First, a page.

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Digital Disruption: Every Company Is at Risk, Says Red Hat's Dawson

Customers may be 'blissfully unaware' of the danger — but there are warning signs.

Edward Gately

December 7, 2017

5 Min Read
Digital Disruption

A company might think it’s successfully transforming into a cutting-edge, data-driven, AI-wielding digital business, then wake up one morning and find itself disrupted. For partners, the ability to identify customers at risk of being displaced is good for their longevity and your own.

We asked Margaret Dawson, Red Hat’s senior director of global product marketing, how to identify potential casualties. Dawson also weighed in on the urgency of digital; the CIO versus CMO issue; whether organizations really need a chief digital officer; and what key process, staffing and technology steps organizations must take to be successful with their digital business journeys.

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Red Hat’s Margaret Dawson

Key takeaways for partners: A chief digital officer might not be the answer since disruption can be a slow drip — and companies with no vision of where they want to go are unlikely to get there.

Channel Partners previously talked with Dawson about the challenges women face in a male-dominated tech industry — and why progress seems so hard to come by.

Channel Partners: How can a company know if it is at risk of finding itself disrupted?

Margaret Dawson: What’s interesting is that you’re not going to know before it happens. That’s the irony of disruption, is that you have so many companies that until it happens, they were pretty blissfully unaware that they were about to be disrupted. So the thing that I always talk about when I’m speaking to CIOs or organizations is, just assume you’re going to end up getting disrupted by something you can’t see, that it may not be and usually isn’t someone who is a competitor today.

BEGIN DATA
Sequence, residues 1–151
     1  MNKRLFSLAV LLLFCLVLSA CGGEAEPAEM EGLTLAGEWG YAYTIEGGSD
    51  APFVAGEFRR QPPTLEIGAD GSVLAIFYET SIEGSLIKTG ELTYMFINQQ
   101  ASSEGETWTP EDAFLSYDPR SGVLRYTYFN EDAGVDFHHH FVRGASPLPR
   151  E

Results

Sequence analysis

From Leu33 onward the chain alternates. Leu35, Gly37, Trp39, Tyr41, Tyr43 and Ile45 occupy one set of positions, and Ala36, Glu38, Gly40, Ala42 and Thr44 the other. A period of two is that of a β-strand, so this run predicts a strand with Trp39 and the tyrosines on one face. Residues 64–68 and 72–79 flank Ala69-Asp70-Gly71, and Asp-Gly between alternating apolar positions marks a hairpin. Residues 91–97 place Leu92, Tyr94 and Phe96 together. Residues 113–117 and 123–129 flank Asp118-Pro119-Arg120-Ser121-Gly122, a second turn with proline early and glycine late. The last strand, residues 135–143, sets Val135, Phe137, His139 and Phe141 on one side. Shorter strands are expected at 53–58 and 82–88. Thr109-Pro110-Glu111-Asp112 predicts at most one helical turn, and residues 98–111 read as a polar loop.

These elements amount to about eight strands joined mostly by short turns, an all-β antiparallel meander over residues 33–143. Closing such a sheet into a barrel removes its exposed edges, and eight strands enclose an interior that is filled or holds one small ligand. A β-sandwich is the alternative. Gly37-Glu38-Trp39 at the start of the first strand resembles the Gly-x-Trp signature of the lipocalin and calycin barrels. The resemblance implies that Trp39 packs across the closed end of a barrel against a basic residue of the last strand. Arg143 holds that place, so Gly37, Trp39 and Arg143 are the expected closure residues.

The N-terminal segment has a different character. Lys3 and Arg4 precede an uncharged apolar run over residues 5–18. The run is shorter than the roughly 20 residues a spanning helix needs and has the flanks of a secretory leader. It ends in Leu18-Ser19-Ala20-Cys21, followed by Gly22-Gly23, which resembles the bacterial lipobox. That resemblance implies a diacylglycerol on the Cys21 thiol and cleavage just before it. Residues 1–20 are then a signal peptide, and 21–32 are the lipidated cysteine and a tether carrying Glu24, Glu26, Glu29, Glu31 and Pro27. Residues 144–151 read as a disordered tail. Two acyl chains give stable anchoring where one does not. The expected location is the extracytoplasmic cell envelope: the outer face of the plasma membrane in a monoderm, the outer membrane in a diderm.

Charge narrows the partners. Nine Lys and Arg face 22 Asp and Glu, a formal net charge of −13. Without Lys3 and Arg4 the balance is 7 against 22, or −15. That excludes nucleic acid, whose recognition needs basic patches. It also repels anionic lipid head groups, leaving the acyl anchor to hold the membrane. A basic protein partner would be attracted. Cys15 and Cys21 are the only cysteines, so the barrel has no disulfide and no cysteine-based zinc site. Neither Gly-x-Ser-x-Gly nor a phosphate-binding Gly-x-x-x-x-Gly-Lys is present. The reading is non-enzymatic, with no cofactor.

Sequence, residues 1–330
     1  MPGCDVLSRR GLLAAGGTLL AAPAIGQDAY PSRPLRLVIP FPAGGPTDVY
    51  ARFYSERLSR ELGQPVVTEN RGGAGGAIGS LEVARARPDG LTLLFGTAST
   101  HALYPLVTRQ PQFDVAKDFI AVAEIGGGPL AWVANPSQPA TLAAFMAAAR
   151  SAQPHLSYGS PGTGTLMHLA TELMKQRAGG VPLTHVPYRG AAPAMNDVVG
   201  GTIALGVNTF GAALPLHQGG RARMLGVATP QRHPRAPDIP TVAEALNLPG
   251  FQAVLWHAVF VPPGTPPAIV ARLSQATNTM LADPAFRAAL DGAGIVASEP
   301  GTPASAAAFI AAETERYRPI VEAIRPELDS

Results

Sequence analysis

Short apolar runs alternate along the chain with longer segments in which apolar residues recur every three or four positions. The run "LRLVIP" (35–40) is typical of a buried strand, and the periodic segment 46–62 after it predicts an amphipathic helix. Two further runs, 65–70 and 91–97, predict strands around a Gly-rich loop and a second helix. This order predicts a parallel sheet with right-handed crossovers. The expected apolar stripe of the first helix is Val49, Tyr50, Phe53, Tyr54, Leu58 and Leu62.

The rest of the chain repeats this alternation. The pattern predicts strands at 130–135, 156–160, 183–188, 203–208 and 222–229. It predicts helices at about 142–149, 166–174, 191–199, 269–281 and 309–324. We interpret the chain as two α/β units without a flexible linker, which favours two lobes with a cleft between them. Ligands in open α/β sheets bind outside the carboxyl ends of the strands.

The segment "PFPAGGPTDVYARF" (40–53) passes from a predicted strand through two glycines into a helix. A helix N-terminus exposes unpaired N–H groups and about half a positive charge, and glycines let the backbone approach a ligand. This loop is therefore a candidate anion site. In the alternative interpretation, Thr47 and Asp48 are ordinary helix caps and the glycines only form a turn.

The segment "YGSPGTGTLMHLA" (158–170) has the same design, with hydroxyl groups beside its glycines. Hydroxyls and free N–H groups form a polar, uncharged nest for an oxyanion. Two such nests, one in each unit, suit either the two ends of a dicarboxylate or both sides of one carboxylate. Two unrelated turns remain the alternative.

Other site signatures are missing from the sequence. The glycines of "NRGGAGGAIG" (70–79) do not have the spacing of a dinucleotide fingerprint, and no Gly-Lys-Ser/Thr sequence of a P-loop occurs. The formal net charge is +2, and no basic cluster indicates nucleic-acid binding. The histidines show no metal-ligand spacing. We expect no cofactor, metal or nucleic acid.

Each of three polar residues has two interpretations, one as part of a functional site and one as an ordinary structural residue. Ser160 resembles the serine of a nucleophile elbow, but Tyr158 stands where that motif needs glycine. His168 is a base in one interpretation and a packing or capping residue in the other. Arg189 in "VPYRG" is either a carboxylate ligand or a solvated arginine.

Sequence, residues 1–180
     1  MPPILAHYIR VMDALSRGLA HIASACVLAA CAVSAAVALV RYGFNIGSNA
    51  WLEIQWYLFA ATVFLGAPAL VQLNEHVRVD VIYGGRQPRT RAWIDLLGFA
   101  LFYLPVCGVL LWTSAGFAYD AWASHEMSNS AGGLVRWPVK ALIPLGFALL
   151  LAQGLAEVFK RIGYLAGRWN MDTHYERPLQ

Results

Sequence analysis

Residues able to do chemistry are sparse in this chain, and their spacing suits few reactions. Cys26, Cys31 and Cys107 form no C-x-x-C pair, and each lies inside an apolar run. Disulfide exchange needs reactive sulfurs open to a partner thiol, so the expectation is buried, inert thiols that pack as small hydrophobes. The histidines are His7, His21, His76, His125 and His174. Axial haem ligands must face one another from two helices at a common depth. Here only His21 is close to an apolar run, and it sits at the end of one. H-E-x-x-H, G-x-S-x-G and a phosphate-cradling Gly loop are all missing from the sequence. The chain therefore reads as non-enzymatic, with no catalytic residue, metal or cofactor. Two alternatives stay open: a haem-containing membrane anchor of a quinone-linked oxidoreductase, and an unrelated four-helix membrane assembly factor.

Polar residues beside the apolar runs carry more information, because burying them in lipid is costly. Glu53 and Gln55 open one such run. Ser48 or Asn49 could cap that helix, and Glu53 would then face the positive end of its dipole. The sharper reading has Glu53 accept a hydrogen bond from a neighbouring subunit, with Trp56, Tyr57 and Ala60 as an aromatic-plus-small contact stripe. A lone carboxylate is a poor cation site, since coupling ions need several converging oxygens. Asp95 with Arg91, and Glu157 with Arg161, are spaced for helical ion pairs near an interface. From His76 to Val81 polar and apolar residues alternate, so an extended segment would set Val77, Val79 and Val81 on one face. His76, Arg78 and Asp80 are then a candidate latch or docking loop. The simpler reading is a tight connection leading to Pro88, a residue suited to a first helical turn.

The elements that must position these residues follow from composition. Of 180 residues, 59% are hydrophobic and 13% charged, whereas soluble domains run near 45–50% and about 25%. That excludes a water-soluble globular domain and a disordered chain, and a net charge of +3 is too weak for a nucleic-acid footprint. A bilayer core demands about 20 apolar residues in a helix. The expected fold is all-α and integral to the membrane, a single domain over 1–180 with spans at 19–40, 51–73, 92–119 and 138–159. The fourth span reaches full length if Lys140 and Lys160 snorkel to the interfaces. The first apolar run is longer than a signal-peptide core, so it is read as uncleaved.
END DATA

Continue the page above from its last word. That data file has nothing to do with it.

So rather than saying, “How do you know if you’re at the risk of it?” you are at risk. Every single organization – and in every industry of every size – is at risk right this minute. And so the question is, how do you get ahead of that? How do you look at your market, the technology, the way you’re running your business, the way you’re treating your customers? And if you act as though you’re already being disrupted, what are the things you would do differently?

Do that now. Don’t wait.

CP: What are signs you’re being disrupted?

MD: The things that we’re seeing are kind of the initial cuts or hurts … loss of customers, obviously, which is loss of revenue, or it’s just loss of velocity. Like if you’re a commerce company and someone comes out and has a new way of doing something. Maybe you still have your customers, but they’re now spending $5 per order as opposed to $20 per order because it just becomes so much easier with this other company. It can be a slow drip, or it can be a complete cut in the throat like we saw with an Uber situation.